Aside from American financial institutions and the Fed (the buyer of last resort), the largest buyers of US Treasuries and notes are all Asian countries. You can probably guess which ones.
#1 – China
China, more than anyone, is probably most concerned with the value of the US dollar and the stability of their US dollar investments. As much as they might like to do so, Americans are in no position to scoff (over trade criticisms, for example) at the proverbial hand that is literally feeding them (recall that the U.S. is actually bankrupt). Barry Allen of Marret Asset Management says that China knows it can’t sell all of its US dollars at this point, so instead it is choosing to buy as little USD as possible and also hedge against the USD by using its reserves to buy up commodities.
#2 – Japan
Japan is already at 200% debt-to-GDP, so you might argue there is little left to protect in their economy. Although Japan is still the #2 largest buyer of US debt, they are, economically speaking, perhaps the least important at the moment for the above reason.
#3, 4 – Korea and Taiwan
We don’t see as much press on Korea and Taiwan, but these are also recently booming economies. Much of this, of course, is also due to their rise as trading partners with China, so they benefit from China’s growth. Just look at what’s happening with VietNam now.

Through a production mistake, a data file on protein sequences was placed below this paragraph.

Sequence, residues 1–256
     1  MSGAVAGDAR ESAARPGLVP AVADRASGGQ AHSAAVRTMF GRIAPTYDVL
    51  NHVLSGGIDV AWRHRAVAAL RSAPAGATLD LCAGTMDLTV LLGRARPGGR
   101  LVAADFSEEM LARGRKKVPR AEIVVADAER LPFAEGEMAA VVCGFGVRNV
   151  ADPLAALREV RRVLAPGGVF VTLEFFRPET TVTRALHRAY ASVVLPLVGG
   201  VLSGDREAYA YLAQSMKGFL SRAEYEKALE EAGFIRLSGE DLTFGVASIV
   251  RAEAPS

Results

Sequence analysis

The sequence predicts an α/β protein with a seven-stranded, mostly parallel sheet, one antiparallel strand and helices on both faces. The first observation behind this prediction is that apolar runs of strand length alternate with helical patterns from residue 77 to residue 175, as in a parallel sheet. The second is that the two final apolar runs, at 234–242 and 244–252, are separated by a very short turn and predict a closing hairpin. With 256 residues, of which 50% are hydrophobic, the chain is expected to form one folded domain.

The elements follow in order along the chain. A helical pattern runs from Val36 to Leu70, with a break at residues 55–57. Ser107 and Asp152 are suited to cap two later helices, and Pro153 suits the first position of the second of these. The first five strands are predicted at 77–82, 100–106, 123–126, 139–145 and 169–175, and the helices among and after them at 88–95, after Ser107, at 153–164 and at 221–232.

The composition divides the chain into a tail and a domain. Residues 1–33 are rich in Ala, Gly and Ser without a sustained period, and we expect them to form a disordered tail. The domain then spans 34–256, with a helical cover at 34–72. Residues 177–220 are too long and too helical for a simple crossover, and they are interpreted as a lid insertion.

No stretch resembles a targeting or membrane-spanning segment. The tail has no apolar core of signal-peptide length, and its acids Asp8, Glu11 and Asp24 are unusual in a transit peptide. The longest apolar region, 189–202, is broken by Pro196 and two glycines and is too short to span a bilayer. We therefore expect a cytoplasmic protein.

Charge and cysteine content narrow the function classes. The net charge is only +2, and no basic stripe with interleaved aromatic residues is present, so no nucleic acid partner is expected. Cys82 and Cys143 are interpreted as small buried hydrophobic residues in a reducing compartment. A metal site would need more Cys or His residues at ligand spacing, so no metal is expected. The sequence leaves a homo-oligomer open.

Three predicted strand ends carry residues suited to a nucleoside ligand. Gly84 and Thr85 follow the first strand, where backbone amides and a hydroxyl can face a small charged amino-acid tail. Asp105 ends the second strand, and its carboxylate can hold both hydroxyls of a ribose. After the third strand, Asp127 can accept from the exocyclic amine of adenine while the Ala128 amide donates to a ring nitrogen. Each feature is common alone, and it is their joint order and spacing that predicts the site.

Morgan Stanley has projected a 40% increase in the supply of new Treasuries in 2010, which works out to a round of about 2.6 trillion dollars of fresh debt on the books. You thought 2009 was bad for stimulus? These numbers are year-over-year projections, which means that there will 40% more debt created in 2010 than was created in 2009.
Barry Allen suspects that the U.S. is going to hit its “debt wall” not in 2010, but in 2011 and 2012 (or around 120% of debt-to-GDP). In the short term, there are still too many countries – developing economies – that have strong incentives to keep buying US debt in order to help support their own growing economies and protect their own positions.
After some time, though – perhaps as these economies take off, or more bi-lateral, ex-U.S. trade develops – Allen sees the likelihood that the only real buyer of significance left of US Treasuries will be the Fed itself. He sees this happening within the next 2-4 years.
If such a scenario should happen, Allen forecasts that the world will see a recession at least as severe, and lasting much longer, than the one seen in 2008-2009.
Zhou Xiaochuan’s Proposal For World Reserve Currency is Accepted by UN (March 29, 2009)
U.S. Dollar Up For Debate At G8 Meeting (July 5, 2009)
Supracurrency Coin Proposed As New World Reserve Currency (July 12, 2009)
China Diversifies Reserves As Part of “Going Out Strategy” (July 29, 2009)
World Bank: Don’t Take USD Reserve Status for Granted (Sept. 27, 2009)
Sucre, New Latin American Currency To Replace USD for Trade (Oct. 19, 2009)
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